A Ray of Hope

So.

A couple of months back, I was talking with Dude about everything that happened (and, at the time, was still happening) at CHS.  He mentioned to me that someone in the city government was working on opening a competing charter high school, and that I should should look this guy up and see if that was something that was still in the works.

It took me a while to track this guy down, but I finally did and fired off an email asking about the school.  It turns out that he’s involved in an online school (which isn’t really anything I’m super interested in), but he did know the people working the new high school, so he put me in touch.

I emailed both of the contacts he gave me and got back cryptic messages about the uncertainty of the whole enterprise.  A month or so later, I emailed back, just to keep my name fresh in their minds, and received an email letting me know that the geniuses in our legislature (don’t even get me started) are being obstructionist (THERE’S a surprise!) about charter school funding.  The future of the school was in serious doubt, they said, but they’d keep me in the loop.

Last weekend, I found that the school had a tent at our apple harvest festival, so I marched right up there and introduced myself to the director.  With a firm handshake, a level gaze, and a bit more confidence than I was really feeling, I told her about my work experience (playing up the university experience and the “department of one” work I did at CHS), the fact that I have a Master’s and state certification (just renewed this year), and that I have an arsenal of curriculum design and several years’ worth of lesson plans.  By the time I was through, I talked the lovely and overwrought woman (let’s call her Sally) into thinking that I was someone she wants on her team.

She insisted that I go home right away and send her another email (“put the subject line in ALL CAPS,” she said, “so I’m sure not to miss it”) because she wanted to invite me to their next meeting and bring me onto the team.  That meeting happens on Monday.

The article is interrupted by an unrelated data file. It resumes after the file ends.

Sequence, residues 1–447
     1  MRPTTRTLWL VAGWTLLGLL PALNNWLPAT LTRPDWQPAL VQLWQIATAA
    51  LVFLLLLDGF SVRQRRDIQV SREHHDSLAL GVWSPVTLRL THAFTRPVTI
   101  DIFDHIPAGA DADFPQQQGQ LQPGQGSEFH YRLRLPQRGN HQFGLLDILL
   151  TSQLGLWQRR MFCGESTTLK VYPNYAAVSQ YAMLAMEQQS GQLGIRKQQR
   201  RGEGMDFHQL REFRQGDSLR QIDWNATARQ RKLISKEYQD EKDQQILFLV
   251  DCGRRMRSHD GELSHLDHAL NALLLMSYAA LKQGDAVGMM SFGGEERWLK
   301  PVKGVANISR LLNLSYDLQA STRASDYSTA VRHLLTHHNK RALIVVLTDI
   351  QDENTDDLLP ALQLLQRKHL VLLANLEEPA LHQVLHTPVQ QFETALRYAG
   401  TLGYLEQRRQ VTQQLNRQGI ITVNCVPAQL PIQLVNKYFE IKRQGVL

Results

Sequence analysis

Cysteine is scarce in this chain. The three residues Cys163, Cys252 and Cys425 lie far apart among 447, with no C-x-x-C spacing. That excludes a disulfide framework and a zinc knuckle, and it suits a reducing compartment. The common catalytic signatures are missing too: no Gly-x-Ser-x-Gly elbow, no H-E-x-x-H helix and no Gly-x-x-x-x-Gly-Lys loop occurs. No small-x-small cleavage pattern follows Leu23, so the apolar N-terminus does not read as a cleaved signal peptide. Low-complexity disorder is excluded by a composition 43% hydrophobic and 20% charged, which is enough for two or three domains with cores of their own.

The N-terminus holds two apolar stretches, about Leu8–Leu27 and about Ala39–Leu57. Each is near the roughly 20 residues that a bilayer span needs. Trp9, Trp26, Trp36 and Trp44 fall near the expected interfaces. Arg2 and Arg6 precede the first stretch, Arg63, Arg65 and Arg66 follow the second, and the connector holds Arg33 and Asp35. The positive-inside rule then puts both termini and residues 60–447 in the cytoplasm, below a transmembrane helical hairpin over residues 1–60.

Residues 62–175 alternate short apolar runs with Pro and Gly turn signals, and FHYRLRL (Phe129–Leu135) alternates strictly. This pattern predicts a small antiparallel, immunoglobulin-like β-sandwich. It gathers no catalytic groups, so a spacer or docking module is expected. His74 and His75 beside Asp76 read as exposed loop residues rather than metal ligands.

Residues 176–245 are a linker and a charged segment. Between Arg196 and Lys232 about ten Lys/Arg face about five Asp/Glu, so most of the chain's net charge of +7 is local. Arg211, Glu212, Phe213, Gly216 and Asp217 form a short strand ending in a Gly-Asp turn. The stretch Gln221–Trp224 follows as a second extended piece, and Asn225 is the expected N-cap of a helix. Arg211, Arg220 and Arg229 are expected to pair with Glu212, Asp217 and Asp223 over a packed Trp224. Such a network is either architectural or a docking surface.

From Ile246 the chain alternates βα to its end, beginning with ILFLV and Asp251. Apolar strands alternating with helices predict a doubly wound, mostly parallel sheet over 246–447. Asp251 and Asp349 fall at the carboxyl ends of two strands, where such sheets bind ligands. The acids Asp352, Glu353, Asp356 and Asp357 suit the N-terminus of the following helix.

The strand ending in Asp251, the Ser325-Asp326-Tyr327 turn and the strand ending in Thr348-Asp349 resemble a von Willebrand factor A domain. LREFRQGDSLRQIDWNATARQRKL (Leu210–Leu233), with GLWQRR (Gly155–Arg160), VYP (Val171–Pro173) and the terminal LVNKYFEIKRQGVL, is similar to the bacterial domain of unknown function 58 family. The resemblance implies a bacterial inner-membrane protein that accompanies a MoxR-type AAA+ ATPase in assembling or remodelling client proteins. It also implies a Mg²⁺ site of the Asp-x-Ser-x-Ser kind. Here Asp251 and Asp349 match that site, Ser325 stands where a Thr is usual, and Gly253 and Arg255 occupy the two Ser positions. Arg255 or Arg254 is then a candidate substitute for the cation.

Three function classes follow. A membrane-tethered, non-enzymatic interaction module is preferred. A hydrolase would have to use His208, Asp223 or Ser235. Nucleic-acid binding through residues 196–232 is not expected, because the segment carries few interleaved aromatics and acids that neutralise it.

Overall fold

She seems pretty confident that the school WILL open in September (and in the building where I first taught community college, which is both awesome and a little weird); she told me they were going to start accepting applications in January.  My understanding (my very fuzzy understanding, I’ll admit) is that they got in under the wire before our whackadoodle legislature put the brakes on new schools, so it may well be that they’re not going to be killed by the government’s giddy attempts to kill education in the state altogether.

If this works out, it could be an incredible opportunity.  Being able to get into a school on the ground floor, to make decisions about how the academics are designed and how the culture is developed and managed is an idea that thrills me, and I’m desperately hoping that this isn’t too good to be true.  I learned the hard way about what NOT to do at CHS, and I’m certain that I have a lot of valuable insight into how to make things at this new place get a little bit closer to what I know a good, rigorous, ethical high school looks like.

I’ll keep you posted.

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5 Comments

Filed under teaching, this is NOT a drill, Worries and Anxieties

5 responses to “A Ray of Hope

  1. This is promising! Fingers crossed!

  2. Good for you being bold and determined – nicely done at the fair! I’m in your corner, as your personal cheerleader! While it’s such early days in such an (uncertain) endeavor, this all sounds so good… {rustles pom poms}.

  3. This all sounds very promising. Keeping fingers crossed.

  4. Wow! Good luck! I’m putting positive and constructive vibes into the universe on your behalf. Keep me informed.

  5. rantingwoman

    Dkeeping my fingers crossed! Good luck.

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